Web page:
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Configuring LAN8742 possible bug issues using CubeMx tool for stm32f207

genisuvi
Associate III

I'm testing and debugging a server application running on a custom board based on LAN8742 and stm32f207zg devices. Server has an UDP version and a TCP one. 

Firmware is built using LwIP stack (2.0.3 version), Raw api, non RTOS and HAL drivers (1.9.4 version.). 

As you know CubeMx generate a project folder structure and generates an ethernetif.c file used for "linking" MAC hardware to LwIP stack services. It also ad lwip settings, frame ethernet settings, PHY mask registers and PHY registers addresses definitions, etc..

Clients are python implemented running on windows 11.

Sometimes when server is running link is detected as down. So we were debugging and checking MAC registers where PHY is putting their register values using the mdio interface (for status and control communications). 

Observations:

1.- Autonegotiation result and MAC configuration:

When link up is detected and autonegotiation occurres it seems that PHY is detecting that mode is half-duplex, despite ethernet_init is forcing full-duplex mode. But register has on this bit the value of a half-duplex autonegotiation result. So, here we thought that -for some reason- LAN was only able to talk with the remote host by this mode. Despite this, system communications seems very quick. So we want to be sure and we asked Windows 11 for speed and mode ethernet cards connections. This was the answer:

image.png

  • Does this mean that LAN device is wrongly detecting "half-duplex" and LAN is configuring MAC driver for working in half duplex because of LAN register wrong value but ethernet communication between 2 hosts are actually full-duplex? 

2.- Linkdown detection and loopback mode

When TCP server starts the MX_LWIP_Process() detects link_down event after some time working. Net connection is lost. After this event we are unable to revert this situation. We even tried doing initializing the MAC, where a reset command to LAN device is sent before re-configuring the communications. But it stills unable to receive anymore data. Reading dma descriptors status, MACMIIAR and MACMIIDR values seems that MAC is ok. It doesn't show any error bit. It seems that LAN device is not putting bytes on the bus (I can't confirm this because I have not done osciloscope measures). Once here, we read the above registers values after the first link up and after the link down detection. PHY register accessed by the MAC was BCR register and I can there see that its 14th bit is set. When it is set datasheet says that loop-back mode (for testing purposes) is enabled instead of normal mode. 

Usually peripheral loopback mode is a connection way in which  data sent by TX lines is being received by RX line of the same port. Usefull for testing and checking RX and TX port lines, appropriate configuration parameters, etc. 

  • So I don't know how the communications between server and client (host PC and microcontroller-based PCB could be working correctly (with loopback mode) before to lose the link connection. 

Are LAN device updating badly its owns registers? is it the HAL accesses to this register using wrong ways for reading the actual value? How can the observations be possible? Please let me know.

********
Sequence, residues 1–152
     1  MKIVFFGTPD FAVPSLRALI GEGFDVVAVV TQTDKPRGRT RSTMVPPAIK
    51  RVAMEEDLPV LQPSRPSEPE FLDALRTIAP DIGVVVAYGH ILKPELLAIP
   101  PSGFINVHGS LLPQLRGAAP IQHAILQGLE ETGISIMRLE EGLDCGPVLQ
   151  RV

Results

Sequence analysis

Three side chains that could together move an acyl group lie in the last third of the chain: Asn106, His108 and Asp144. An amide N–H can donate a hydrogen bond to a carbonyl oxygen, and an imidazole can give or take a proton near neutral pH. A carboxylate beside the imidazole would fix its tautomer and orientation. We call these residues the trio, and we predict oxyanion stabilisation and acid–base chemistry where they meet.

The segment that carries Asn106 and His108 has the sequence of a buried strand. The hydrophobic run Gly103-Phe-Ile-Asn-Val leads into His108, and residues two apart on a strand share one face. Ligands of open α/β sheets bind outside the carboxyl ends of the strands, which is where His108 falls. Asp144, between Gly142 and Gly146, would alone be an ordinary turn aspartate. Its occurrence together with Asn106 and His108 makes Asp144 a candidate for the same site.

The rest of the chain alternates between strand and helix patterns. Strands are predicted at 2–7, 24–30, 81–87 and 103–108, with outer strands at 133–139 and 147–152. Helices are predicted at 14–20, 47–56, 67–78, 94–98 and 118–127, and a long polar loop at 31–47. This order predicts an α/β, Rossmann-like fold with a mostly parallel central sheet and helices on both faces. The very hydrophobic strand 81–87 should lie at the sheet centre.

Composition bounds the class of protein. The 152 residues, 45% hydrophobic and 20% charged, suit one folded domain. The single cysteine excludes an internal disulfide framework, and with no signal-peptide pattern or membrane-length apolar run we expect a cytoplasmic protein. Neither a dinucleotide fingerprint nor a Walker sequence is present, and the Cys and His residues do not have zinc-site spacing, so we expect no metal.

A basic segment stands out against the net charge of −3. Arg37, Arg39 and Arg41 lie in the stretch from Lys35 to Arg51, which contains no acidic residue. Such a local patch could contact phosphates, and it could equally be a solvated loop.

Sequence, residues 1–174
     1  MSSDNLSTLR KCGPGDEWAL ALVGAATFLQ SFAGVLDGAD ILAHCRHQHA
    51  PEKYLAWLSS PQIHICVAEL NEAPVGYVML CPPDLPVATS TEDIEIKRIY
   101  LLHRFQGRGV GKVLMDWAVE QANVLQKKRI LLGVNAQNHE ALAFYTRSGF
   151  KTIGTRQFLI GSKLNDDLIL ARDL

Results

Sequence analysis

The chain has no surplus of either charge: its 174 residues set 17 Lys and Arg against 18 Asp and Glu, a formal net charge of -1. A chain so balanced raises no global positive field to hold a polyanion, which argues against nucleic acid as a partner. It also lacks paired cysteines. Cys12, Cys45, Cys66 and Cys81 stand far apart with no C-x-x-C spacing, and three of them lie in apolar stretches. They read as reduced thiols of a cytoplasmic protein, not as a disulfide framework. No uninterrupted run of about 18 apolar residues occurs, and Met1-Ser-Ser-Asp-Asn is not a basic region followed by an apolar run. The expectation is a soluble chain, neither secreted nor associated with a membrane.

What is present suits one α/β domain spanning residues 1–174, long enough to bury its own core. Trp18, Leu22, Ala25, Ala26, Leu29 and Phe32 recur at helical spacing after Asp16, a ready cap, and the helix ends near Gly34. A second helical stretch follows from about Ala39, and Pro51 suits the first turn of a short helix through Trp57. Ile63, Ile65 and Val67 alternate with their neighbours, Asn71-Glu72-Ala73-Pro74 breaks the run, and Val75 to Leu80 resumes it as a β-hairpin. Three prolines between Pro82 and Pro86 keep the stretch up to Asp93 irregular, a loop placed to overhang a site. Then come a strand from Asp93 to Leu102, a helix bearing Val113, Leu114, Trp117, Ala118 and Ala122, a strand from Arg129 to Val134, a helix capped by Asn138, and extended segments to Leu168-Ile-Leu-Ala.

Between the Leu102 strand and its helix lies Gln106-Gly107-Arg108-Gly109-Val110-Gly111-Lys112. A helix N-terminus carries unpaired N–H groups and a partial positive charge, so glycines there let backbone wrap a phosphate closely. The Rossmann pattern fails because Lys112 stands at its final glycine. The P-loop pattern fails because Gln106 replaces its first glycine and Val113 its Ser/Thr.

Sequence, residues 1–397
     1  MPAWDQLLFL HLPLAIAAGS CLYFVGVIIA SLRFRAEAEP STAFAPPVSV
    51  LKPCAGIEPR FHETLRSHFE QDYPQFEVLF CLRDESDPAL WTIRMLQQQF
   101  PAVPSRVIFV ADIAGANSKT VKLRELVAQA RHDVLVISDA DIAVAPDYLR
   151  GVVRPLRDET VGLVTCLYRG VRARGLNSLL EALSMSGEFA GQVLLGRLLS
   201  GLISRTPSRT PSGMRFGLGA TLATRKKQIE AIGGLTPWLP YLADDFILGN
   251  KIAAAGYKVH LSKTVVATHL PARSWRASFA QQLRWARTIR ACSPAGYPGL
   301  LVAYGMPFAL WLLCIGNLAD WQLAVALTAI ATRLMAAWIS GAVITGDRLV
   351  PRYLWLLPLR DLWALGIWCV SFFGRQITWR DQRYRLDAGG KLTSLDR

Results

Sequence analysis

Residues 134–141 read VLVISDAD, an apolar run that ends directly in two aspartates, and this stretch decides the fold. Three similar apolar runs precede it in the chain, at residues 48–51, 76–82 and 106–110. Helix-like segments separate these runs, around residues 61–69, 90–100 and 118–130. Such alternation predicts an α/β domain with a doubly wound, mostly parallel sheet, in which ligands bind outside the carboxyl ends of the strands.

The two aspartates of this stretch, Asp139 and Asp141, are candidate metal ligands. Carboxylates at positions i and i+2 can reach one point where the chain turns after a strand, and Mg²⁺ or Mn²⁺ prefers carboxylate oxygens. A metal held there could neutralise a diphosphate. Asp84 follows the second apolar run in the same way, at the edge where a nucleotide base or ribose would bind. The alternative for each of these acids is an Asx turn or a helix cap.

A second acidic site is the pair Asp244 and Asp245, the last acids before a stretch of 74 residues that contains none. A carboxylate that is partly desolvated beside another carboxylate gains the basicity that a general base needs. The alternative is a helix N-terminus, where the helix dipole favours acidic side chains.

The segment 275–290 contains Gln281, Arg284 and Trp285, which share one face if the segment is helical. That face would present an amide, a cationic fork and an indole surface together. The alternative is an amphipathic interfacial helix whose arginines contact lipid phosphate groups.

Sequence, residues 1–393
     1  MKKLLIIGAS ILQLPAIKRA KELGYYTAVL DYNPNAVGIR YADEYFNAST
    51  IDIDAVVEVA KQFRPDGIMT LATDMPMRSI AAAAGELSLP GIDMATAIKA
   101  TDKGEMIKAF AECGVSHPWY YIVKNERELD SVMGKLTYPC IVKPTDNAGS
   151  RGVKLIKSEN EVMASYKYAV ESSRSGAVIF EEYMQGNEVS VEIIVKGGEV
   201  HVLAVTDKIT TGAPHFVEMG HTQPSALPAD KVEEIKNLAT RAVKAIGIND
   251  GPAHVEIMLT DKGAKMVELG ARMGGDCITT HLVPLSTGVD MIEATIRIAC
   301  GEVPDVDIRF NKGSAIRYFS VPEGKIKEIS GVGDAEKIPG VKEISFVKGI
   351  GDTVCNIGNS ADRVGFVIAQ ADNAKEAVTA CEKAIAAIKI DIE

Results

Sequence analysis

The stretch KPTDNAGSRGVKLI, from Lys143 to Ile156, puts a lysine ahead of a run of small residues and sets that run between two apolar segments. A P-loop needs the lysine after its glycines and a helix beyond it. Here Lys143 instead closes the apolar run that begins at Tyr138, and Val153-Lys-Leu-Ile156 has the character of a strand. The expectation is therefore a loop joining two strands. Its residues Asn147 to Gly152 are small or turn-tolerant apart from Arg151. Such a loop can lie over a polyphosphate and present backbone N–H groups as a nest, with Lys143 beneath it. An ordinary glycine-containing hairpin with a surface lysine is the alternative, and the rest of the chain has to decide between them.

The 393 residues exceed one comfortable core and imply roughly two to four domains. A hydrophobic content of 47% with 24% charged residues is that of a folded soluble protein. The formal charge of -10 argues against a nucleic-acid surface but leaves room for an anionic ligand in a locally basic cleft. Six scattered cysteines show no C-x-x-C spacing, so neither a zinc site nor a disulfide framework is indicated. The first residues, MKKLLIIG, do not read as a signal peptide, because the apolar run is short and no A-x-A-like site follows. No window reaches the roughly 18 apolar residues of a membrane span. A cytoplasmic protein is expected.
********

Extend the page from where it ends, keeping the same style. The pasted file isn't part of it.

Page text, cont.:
I'm very impressed by the fact that ST and Microchip would be able to offering market product lines with this kind of error taxes (high probably of behavior errors). 

 

Thanks in advance.

2 ACCEPTED SOLUTIONS

Accepted Solutions
LCE
Lead III

About the half-duplex problem:

If you are using ETH HAL, maybe there is still the bug that HAL ethernet init is reading the wrong register from the LAN8742 to evaluate the negotiated settings. That was the case for me with an F7.
And if one side is setup wrong (PHY and host are working full duplex, but STM's MAC thinks it's half-duplex) strange things start to happen...

Here's my old comment:
/* PHY should be set up now, just check status of auto negotiation */
/* CORRECT register: PHY_REG_SSR = 31d - wrong in (old) HAL driver */

View solution in original post

@LCE yes it does, but I had to add more corrections. This register was wrong mapped, but duplex and speed bits mapping are wrong too. MACCR register now is "showing" full duplex. I did it and it was finally solved:

 

 

/* Section 4: Extended PHY Registers */

#define PHY_SR                          ((uint16_t)0x1F)    /*!< PHY status register Offset */ 

#define PHY_SPEED_STATUS                ((uint16_t)0x0002)  /*!< PHY Speed mask */                          
#define PHY_DUPLEX_STATUS               ((uint16_t)0x0010)  /*!< PHY Duplex mask*/

#define PHY_ISFR                        ((uint16_t)0x001D)    /*!< PHY Interrupt Source Flag register Offset   */
#define PHY_ISFR_INT4                   ((uint16_t)0x000B)  /*!< PHY Link down inturrupt       */

 

I'm now trying to fix the loopback mode bit enabling found on BCR register read. I don't know who is writing there, because soft reset is clearing it, but some statement is writing '1'.

 

Thanks for your attention and suggestions! I appreciate them 🙂

 

View solution in original post

5 REPLIES 5
LCE
Lead III

About the half-duplex problem:

If you are using ETH HAL, maybe there is still the bug that HAL ethernet init is reading the wrong register from the LAN8742 to evaluate the negotiated settings. That was the case for me with an F7.
And if one side is setup wrong (PHY and host are working full duplex, but STM's MAC thinks it's half-duplex) strange things start to happen...

Here's my old comment:
/* PHY should be set up now, just check status of auto negotiation */
/* CORRECT register: PHY_REG_SSR = 31d - wrong in (old) HAL driver */